In search of William J. Fuller -- my great-grandfather
A few months ago, my father found a copy of his obituary from an old trade magazine, specifically The Canadian Engineer (January 6, 1931). It mentions the importance of a speech he delivered to Engineers Club of Toronto about the Toronto harbor. It apparently was much bally-hooed and apparently was important for the formation of the Toronto Harbor Commission. The obit states that it was cited in the local papers and was "published in fully by the Canadian Engineer." I had to find a copy.
Unfortunately, early copies of the Canadian Engineer aren't easy to find. More recent runs had been put on microfiche but the old ones were only available in paper and there was only one extant copy. It lives at the Toronto Reference Library. So I waited. Fortunately, our new Toronto office is at 888 Yonge St., the old Music Hall, practically across the street from the library. So, during my break from some meetings today, I made the trek over.
At first, there was some difficulty finding the things. Not surprisingly, the old copies aren't very popular. Then there was some concern about whether or not the books should be considered "rare". After a false start, the staff decided that they were indeed rare (even if the OPAC said they weren't) so I was relegated to the rare books/special collections. Then I got my hands on the bound volumes. I don't know when the address was published so I just got 1907 and 1908... and they were huge. It has incredibly humbling to see just how much engineering effort happened in Canada in these early years. It seems a travesty that there is no digital collection to facilitate access.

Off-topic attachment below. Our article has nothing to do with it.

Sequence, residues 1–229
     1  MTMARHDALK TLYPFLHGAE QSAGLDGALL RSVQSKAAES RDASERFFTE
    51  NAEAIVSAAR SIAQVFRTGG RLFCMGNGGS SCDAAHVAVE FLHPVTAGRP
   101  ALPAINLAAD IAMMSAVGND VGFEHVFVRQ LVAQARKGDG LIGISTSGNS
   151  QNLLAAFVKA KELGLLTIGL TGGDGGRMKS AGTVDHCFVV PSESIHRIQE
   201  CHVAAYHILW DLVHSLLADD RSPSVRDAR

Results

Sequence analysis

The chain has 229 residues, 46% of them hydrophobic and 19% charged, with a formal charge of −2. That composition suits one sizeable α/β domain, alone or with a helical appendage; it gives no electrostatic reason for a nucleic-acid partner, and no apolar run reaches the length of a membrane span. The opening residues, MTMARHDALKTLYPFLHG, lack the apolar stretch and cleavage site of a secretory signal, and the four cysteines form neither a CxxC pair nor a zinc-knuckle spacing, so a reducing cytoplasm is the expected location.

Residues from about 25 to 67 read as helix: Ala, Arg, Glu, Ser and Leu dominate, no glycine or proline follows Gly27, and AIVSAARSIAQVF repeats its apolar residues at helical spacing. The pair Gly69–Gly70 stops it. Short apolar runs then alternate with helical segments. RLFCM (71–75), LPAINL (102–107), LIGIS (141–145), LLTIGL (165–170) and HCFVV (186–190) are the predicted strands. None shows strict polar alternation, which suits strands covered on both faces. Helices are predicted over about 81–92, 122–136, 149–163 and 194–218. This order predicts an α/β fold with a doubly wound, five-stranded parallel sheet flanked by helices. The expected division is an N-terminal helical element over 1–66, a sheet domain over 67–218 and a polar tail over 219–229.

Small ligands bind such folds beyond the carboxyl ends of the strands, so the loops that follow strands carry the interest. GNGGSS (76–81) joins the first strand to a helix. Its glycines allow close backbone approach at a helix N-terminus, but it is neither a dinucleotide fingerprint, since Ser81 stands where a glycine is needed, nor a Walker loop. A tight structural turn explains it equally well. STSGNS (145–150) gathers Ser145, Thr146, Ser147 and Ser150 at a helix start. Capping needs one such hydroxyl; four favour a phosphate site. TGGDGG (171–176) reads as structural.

After attempting various search strategies, I found... nothing. I think I have to be a bit more informed before trying to track this stuff down again.
Google to the rescue. And crap, there it is. In her history of Leslieville -- a Toronto neighborhood -- she quotes from an article:
The outer sandbar, between Ashbridge’s Bay and Lake Ontario, was known to the first settlers as the Peninsula, but had been used for millennia by aboriginal peoples as a route to what we now call “Toronto Island”. Behind this sandbar, shallow warm water, enriched by nutrients from the Don River, nourised life, creating ideal habitat for frogs, turtles, salamanders, fish, birds and mammals such as muskrat. Deputy Surveyor General J. Collins, in 1788, wrote of Ashbridge’s Bay as a sandbank: …near two miles in length from the entrance to the isthmus between it and a large morass to the eastward. (Quoted in W.J. Fuller, “Toronto Harbour” in The Canadian Engineer, January 19, 1909.)